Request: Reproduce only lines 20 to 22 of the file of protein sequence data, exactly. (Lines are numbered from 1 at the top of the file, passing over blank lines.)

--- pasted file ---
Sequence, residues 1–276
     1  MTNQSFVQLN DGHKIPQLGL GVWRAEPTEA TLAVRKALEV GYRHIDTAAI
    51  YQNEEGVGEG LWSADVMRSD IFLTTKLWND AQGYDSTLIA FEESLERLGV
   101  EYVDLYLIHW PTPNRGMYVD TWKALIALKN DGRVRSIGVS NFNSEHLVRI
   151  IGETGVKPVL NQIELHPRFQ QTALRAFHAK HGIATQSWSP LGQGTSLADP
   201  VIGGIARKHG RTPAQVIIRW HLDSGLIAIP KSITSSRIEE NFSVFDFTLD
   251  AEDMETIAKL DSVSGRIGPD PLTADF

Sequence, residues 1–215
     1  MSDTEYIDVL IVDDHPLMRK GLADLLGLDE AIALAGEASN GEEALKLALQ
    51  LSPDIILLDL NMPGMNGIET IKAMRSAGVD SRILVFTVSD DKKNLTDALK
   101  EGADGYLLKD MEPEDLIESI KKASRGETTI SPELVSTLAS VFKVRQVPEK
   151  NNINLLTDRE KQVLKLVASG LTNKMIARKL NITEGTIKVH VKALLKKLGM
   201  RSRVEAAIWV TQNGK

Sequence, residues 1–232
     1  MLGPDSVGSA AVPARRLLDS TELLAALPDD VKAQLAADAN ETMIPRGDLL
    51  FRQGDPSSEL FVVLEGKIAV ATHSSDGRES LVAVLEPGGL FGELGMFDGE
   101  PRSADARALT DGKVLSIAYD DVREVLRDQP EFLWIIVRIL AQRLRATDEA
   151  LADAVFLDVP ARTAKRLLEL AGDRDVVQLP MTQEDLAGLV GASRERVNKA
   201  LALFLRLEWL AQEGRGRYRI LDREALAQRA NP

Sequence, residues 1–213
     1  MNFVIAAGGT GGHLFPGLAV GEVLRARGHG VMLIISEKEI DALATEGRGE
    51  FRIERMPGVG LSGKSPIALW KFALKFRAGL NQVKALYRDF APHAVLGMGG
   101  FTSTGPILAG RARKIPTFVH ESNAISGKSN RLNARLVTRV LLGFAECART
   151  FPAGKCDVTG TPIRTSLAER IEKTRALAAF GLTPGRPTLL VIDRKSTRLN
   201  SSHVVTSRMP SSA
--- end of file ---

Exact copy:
Sequence, residues 1–213
     1  MNFVIAAGGT GGHLFPGLAV GEVLRARGHG VMLIISEKEI DALATEGRGE
    51  FRIERMPGVG LSGKSPIALW KFALKFRAGL NQVKALYRDF APHAVLGMGG